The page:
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Mid- Autumn Moon Festivals are celebrated all over Asia on the 15th day of the 8th month in the Han Calendar. In 2016, the Moon Festival was celebrated on the Gregorian, or solar, calendar on September 15th. Because the date is based on the lunar calendar, it falls on the full moon of the Autumnal Equinox annually. This means the festival can occur any night between September 8th and October 7th in accord with Gregorian calendar.
The Moon Festival is basically a harvest celebration. The Chinese have been honoring the full, harvest moon since the Shang Dynasty, c.1600-1046 BCE. There are many traditions and myths surrounding the Moon Festival, however, there are three specific concepts this festival reflects:
Today, there are communal and family festivities that include social gatherings, eating sweet mooncakes, and watching the moon. The moon is a symbol of harmony and unity in the Chinese culture. The communal festivals have parades and performances of Dragon and Lion Dances along with burning incense.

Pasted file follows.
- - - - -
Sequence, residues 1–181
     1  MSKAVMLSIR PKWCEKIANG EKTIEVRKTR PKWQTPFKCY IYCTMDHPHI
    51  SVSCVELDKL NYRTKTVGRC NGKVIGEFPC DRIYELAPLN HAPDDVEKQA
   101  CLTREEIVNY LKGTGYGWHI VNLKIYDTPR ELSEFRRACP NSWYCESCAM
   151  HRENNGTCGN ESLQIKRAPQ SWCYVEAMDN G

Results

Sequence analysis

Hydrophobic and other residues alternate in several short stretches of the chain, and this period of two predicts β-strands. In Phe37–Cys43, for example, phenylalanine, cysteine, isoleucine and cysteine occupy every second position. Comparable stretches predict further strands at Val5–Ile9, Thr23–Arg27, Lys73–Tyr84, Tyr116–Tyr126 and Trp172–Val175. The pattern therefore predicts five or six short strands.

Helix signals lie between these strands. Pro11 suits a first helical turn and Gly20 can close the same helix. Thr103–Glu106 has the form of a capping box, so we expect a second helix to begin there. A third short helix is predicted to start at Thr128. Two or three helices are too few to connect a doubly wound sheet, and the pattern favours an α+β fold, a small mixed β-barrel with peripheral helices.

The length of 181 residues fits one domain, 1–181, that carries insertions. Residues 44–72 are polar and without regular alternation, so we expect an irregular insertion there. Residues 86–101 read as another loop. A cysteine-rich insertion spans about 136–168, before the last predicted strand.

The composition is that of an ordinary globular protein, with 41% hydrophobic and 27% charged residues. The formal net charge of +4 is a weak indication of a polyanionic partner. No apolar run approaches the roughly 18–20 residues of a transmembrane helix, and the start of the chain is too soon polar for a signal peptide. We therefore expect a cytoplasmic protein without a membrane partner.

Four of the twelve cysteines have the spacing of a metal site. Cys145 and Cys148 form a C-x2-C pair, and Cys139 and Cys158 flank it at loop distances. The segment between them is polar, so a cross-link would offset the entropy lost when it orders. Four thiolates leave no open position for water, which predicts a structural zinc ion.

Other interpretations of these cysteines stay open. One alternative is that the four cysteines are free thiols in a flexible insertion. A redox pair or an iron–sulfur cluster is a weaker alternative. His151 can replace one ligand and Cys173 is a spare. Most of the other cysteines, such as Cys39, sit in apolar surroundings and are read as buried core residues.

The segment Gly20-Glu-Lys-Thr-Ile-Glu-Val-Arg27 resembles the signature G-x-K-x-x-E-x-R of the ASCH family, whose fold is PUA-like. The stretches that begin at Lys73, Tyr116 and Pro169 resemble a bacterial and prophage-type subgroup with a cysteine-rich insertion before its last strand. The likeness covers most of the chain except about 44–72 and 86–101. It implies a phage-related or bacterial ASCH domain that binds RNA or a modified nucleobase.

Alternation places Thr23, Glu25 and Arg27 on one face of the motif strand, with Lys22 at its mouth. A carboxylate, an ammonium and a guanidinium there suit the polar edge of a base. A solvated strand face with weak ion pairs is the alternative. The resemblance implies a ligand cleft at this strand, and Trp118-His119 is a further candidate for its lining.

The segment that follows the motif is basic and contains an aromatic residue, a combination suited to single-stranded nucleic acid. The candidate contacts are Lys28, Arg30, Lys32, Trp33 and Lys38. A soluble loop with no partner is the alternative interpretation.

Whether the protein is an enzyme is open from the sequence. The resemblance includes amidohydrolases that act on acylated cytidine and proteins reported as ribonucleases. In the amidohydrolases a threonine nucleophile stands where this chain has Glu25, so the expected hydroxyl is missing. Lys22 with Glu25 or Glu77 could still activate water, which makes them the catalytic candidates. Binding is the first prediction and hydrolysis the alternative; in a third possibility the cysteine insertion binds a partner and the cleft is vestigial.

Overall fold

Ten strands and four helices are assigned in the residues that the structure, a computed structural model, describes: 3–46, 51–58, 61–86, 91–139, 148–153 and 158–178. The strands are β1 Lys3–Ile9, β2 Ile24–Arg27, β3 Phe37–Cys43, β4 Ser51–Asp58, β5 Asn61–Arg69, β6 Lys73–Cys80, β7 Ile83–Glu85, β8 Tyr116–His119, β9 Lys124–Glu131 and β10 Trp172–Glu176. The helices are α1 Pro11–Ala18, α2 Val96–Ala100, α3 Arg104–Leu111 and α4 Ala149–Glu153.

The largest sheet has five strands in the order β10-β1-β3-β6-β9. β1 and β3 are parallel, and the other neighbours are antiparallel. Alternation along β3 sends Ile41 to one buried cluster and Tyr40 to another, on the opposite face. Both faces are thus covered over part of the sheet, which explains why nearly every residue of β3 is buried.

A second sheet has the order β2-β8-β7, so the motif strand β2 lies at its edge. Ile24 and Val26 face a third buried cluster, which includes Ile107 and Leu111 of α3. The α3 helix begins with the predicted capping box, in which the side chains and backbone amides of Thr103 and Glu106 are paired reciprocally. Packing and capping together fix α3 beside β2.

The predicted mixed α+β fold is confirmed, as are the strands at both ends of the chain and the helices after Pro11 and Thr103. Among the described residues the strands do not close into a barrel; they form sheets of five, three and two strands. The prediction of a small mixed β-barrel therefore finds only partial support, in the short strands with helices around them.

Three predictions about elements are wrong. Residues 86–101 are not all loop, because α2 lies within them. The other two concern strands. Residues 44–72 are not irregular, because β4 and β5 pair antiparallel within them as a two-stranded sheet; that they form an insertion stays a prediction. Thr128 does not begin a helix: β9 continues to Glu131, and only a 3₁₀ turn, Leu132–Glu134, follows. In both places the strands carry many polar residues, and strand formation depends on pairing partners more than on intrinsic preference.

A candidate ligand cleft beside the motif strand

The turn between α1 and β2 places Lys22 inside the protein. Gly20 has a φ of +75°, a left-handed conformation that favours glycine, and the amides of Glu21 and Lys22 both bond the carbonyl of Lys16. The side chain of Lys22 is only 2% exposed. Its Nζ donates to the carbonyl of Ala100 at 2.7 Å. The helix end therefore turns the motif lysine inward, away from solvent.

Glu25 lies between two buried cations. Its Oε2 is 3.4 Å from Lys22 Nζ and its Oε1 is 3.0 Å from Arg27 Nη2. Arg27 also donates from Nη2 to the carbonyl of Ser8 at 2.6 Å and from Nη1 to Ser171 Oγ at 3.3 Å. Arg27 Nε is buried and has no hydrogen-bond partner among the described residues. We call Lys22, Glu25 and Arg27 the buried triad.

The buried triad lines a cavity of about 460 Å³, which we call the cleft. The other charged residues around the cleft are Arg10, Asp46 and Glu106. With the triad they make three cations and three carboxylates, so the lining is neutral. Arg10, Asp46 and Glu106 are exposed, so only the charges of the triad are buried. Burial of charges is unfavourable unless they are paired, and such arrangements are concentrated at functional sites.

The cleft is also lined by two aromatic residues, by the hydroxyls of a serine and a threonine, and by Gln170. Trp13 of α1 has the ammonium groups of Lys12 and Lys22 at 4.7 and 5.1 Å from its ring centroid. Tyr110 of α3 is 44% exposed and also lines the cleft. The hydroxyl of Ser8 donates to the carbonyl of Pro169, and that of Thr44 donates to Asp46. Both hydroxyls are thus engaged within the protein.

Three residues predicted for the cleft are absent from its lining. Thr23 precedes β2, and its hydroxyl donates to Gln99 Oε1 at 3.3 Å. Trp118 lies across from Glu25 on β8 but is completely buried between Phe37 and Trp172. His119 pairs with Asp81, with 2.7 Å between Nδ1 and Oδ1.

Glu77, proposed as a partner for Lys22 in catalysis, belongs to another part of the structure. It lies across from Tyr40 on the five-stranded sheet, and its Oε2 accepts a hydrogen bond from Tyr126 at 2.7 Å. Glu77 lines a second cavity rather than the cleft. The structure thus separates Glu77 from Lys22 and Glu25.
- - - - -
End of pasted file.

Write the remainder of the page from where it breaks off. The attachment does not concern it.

As the years have gone on the agrarian nature of the Mid-Autumn Festival has shifted to be somewhat commercial. Lanterns are sold as decorations and are said to symbolize fertility. Mooncakes have become big business for bakeries. There’s “reunion wine” especially made for the Moon Festival.
If you missed your opportunity to celebrate the Mid-Autumn Moon Festival this year, watch for it next year. See if you like mooncakes, some people think they are an acquired taste, but you might like them. Gather your friends and family to enjoy a harvest meal together and drink reunion wine while gazing at the moon.
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